April 3 cannot come soon enough for those who are eager to get their hands on the iPad. If anything, Apple’s recent announcement that the gadget will soon be available in the United States only added to the excitement over the much-talked-about gadget. Unfortunately, spammers are using the current enthusiasm over the iPad to their advantage as well.
In fact, Trend Micro anti-spam research engineers have already seen a number of spammed messages that promise free iPads to lure unwitting users into their scams. In one such spam sample, recipients are being invited to test the iPad at no cost by simply applying to be part of a “word-of-mouth” marketing campaign. They may not have to shell out a single cent but the price they have to pay will be their identities.
The spammed messages instruct users to reply to the email with their personal information, which spammers could easily use for further malicious activities. As Trend Micro anti-spam research engineer Argie Gallego recommends, “Users should be suspicious of any freebies offered online, particularly those requiring sensitive personal information such as full names and contact numbers. We have only seen a number of iPad-related spam so far but we expect the numbers to rise as April 3 draws near.”
This recent spam run is no different from how cybercriminals leveraged the iPad launch in January, which led to a FAKEAV variant. Users should thus continue exercising caution in opening email messages from unknown senders. It is also important to be cautious in conducting Web searches on hot topics such as the iPad, as these are often used for blackhat search engine optimization (SEO) attacks as seen in the past. Interestingly, Apple does not own any iPad-related domain names so users should really pay close attention to URLs before they click.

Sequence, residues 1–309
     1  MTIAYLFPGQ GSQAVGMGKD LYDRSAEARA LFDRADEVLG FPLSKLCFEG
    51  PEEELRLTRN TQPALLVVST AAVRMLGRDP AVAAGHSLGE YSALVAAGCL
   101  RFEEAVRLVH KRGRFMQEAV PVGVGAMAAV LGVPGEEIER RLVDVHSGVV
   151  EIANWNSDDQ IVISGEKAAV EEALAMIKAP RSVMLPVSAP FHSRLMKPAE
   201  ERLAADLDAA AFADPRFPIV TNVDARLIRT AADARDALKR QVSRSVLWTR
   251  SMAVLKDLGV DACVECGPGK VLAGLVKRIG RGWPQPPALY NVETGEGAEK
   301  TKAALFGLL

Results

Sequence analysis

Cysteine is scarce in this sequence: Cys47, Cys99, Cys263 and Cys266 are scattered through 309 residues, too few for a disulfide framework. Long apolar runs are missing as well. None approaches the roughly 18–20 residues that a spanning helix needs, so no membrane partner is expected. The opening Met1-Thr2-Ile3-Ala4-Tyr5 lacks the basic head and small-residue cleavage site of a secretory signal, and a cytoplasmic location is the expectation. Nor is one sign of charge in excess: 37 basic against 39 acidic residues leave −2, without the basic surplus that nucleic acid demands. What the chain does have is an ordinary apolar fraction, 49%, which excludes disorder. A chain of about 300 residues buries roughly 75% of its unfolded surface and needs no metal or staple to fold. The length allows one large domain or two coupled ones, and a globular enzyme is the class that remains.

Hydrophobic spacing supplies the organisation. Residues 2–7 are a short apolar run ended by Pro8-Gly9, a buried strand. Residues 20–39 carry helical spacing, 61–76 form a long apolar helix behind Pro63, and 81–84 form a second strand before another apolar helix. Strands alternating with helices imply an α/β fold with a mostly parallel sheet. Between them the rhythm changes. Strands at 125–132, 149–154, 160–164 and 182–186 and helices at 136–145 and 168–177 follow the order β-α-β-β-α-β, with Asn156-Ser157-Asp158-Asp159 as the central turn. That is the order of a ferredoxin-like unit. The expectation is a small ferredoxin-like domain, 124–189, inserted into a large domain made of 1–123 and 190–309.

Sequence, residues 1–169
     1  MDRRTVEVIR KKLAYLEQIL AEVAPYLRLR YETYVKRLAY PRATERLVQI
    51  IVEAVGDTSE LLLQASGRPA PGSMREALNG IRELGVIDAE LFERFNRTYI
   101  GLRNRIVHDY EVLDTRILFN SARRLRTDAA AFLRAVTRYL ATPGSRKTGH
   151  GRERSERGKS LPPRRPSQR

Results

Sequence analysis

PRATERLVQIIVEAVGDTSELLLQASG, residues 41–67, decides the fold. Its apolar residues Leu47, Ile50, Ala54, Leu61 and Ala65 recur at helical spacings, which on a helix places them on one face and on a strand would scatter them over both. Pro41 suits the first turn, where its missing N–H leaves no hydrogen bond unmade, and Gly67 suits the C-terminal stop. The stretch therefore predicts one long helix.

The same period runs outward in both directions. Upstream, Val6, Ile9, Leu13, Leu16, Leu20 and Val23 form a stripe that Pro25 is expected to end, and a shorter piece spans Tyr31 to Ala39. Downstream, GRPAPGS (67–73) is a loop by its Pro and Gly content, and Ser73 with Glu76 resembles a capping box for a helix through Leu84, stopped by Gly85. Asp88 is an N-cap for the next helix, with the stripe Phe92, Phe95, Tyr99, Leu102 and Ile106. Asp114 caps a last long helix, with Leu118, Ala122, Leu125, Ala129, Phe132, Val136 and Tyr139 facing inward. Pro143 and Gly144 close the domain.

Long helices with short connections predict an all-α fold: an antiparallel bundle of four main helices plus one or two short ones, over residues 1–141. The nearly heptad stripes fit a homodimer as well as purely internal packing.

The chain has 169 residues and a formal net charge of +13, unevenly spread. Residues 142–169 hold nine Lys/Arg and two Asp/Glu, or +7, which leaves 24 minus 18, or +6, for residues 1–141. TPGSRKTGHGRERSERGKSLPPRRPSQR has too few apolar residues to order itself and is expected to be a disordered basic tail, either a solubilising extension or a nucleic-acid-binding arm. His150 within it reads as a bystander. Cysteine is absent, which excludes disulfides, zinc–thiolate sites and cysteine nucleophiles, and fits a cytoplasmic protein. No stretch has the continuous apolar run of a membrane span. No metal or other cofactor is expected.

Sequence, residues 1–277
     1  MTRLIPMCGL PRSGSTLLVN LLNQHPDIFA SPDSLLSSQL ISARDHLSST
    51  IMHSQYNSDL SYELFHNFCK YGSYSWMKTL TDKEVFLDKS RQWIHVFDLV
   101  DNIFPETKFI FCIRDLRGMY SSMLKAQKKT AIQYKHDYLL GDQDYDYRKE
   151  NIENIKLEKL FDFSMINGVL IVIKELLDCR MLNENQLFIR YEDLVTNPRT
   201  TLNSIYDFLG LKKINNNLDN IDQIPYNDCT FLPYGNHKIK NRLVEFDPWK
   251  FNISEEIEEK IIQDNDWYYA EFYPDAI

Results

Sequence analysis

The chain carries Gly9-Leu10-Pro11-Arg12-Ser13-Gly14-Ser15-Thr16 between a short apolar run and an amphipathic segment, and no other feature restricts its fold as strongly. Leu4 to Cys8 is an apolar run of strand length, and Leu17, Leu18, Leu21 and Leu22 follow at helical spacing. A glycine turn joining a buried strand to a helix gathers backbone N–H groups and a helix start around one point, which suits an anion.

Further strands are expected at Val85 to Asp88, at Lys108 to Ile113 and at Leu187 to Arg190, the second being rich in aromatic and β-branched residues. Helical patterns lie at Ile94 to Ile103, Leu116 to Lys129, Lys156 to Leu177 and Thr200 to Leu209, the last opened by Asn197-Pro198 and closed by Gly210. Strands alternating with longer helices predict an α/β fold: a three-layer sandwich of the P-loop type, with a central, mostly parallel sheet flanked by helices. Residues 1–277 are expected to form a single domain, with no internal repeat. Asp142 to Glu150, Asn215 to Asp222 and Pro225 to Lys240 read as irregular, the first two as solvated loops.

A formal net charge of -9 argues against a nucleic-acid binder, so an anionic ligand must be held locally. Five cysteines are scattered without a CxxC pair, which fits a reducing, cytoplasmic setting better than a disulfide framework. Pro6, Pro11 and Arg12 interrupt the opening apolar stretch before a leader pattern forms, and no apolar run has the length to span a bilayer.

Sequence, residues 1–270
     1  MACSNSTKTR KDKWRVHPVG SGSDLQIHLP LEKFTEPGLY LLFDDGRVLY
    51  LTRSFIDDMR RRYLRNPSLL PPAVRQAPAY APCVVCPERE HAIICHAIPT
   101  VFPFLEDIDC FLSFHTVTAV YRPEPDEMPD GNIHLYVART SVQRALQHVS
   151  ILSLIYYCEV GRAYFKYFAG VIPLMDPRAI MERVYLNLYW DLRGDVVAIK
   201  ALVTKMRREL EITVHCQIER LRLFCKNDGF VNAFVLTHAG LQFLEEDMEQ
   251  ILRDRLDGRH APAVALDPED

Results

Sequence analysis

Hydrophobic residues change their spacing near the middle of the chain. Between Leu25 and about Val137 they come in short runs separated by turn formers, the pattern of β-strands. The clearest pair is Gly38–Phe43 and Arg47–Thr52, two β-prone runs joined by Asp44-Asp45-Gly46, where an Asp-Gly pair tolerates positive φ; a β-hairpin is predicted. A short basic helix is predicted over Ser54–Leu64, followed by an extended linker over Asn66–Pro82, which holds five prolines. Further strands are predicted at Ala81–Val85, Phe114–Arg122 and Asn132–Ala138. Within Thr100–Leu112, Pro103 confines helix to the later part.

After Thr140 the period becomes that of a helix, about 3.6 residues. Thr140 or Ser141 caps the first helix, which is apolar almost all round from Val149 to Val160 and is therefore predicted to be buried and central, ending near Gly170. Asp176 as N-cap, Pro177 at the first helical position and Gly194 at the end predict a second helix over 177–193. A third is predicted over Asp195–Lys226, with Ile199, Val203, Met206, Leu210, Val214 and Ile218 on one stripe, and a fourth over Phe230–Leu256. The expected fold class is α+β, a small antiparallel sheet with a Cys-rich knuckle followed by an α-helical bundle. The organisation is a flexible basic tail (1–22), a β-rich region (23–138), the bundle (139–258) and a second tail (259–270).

Trend Micro™ Smart Protection Network™ prevents spammed messages from reaching users’ inboxes via the Web reputation service.
Non-Trend Micro product users can also stay protected by using eMail ID, which prevents fake messages from reaching their inboxes. It also helps users quickly find legitimate messages.
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